holding a machine coupling end of the catheter tube apparatus with the other hand;
and pumping irrigation fluid to the catheter tube with a digit of the one hand operating the pump while holding the patient end fitting with the one hand.
8. The method of claim 7 and further comprising the steps of:
supplying irrigating fluid to the pump from a fluid reservoir.
9. The method of claim 7 and further comprising the steps of:
applying suction to the catheter while holding and pumping.
10. The method of claim 9 and further comprising the steps of:
controlling the amount of suction applied by operation of a valve at the machine coupling end of the apparatus with a digit of the other hand.
1. Field of the Invention
This invention relates generally to suction catheters, and more particularly to a method and apparatus for keeping them clear so that effective suctioning can be maintained.
2. Description of the Prior Art
In the use of endotracheal tubes, regardless of whether passed through the mouth or through a tracheotomy, there are times when lung secretions are too thick and sticky to be easily extracted through a suction catheter. Dilution helps thin the secretions and irrigate the catheter lumen so good vacuum flow is maintained, thereby promoting removal of lung secretions which must be removed from the lung.
The current practice of irrigation uses syringes or compressable vials as means of instilling the irrigation solution into the lung along the exterior of the catheter or through a lumen inside the wall of the catheter in order to promote dilution. This practice requires more than two hands or the interruption of the suction flow in order to instill the irrigating fluid into the system. A break in the suction flow may cause the secretion pool to be incompletely removed. Also, there is the possibility that the volume of irrigation fluid from the single loaded syringe or vial may not be adequate and will require a reload effort.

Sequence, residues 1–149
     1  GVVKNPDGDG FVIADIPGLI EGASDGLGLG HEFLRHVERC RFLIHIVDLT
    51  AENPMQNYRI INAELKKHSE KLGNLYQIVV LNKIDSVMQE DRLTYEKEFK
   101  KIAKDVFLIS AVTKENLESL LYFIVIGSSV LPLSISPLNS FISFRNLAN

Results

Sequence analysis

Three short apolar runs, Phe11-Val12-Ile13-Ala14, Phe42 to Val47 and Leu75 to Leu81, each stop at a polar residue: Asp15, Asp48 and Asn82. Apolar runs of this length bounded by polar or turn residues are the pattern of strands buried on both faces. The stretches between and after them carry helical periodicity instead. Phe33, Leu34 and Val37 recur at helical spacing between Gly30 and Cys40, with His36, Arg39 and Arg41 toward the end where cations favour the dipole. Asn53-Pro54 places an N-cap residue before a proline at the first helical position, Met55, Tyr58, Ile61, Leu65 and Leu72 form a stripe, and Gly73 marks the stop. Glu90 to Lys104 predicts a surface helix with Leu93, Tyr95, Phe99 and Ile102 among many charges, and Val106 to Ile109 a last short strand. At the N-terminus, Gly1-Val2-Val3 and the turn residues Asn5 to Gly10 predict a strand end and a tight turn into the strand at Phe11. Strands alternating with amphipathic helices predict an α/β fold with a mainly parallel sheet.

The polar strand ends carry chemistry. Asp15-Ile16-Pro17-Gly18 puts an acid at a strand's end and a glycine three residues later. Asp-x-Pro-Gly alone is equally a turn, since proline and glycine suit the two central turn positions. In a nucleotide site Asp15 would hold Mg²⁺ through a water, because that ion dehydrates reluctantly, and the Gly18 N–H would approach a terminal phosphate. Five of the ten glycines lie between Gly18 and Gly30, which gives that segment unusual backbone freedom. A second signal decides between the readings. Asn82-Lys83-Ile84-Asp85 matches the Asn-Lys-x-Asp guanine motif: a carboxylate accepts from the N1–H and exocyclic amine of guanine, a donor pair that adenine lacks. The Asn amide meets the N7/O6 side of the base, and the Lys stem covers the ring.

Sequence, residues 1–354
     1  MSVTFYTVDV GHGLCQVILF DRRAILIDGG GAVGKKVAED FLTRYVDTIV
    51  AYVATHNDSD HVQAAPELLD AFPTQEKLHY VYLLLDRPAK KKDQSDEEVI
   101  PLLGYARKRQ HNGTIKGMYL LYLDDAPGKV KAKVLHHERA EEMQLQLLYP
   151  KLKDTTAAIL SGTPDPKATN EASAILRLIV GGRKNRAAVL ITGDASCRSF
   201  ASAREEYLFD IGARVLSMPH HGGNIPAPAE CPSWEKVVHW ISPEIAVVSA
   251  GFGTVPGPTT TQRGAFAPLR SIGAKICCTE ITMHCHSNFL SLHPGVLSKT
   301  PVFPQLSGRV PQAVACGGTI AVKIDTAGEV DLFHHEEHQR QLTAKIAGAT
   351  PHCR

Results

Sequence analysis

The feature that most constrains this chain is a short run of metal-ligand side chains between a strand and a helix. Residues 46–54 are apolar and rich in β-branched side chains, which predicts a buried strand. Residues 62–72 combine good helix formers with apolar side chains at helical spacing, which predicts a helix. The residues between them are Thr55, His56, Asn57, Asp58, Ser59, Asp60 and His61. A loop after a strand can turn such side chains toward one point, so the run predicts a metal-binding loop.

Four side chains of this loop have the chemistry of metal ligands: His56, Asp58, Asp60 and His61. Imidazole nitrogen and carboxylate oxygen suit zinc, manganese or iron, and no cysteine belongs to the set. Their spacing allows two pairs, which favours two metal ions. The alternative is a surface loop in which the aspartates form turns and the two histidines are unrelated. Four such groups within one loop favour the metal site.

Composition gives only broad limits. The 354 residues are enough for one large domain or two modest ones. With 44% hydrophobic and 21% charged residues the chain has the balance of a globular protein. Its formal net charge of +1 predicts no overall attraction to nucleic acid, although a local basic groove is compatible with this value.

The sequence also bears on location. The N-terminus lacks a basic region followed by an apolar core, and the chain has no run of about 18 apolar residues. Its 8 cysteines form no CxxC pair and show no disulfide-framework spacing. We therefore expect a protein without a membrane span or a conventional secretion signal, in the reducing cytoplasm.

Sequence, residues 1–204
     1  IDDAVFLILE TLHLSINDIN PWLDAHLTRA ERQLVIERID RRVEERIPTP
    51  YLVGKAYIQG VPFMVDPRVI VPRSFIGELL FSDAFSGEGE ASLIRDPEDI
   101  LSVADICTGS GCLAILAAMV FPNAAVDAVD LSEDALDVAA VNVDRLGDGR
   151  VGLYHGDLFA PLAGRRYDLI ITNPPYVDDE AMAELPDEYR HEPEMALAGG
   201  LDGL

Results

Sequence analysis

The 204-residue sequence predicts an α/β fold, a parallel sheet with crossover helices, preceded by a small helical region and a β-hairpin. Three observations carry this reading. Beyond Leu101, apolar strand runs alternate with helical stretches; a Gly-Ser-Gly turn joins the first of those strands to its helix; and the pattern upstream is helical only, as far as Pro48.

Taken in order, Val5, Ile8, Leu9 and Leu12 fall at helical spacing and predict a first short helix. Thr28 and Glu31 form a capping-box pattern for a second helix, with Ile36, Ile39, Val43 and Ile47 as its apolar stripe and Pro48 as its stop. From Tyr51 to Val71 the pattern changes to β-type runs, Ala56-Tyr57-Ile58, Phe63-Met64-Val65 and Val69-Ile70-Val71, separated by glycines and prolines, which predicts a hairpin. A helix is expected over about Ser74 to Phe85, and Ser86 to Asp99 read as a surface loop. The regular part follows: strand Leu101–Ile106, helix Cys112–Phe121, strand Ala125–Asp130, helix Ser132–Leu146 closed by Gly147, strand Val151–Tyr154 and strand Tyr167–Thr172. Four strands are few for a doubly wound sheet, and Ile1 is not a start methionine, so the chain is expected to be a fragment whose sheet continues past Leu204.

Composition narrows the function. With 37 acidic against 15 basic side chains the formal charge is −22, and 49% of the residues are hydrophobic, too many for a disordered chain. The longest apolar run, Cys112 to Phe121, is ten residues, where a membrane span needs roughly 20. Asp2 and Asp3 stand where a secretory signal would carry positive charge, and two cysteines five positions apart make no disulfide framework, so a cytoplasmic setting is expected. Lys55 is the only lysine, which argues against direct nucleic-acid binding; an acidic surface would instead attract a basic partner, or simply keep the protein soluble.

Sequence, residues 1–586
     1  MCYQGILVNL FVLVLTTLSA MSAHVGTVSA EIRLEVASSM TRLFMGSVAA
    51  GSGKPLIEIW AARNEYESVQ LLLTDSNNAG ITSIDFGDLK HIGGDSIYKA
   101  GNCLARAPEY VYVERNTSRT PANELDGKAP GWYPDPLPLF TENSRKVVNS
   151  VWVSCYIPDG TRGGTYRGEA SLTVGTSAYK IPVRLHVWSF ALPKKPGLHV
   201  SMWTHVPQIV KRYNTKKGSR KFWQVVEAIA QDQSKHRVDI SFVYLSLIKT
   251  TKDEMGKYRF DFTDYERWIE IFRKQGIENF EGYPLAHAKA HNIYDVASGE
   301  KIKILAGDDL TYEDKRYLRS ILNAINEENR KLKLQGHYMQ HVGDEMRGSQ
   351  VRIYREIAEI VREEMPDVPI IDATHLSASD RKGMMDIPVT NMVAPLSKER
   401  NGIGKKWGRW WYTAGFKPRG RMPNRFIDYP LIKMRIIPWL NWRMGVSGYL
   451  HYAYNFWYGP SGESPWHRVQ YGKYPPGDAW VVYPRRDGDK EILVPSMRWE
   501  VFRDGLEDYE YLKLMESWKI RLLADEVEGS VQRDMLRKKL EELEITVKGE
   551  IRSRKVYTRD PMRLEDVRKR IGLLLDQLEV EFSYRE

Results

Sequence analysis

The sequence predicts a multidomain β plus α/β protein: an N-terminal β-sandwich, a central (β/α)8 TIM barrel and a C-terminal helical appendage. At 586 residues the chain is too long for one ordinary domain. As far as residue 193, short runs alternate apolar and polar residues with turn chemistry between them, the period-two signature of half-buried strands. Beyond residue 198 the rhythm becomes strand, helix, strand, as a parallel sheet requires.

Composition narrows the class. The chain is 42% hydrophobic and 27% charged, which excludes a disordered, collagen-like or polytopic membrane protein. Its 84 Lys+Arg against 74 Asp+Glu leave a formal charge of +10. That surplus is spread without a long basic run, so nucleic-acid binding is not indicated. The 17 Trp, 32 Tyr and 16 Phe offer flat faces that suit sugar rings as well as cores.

Described briefly, according to a typical embodiment of the present invention, a thumb or finger operable pump is located near the patient end of the suctioning catheter assembly. This pump receives the irrigation fluid from a comparatively large reservoir and can withdraw the fluid from the reservoir and pump it into an irrigation supply channel in the suction catheter on an as-needed basis during suctioning. Thus, the one hand of the administrator can both stabilize the junction piece at the patient end of the suction catheter and operate the irrigator while the other hand controls vacuum flow and catheter location as needed for the suctioning function.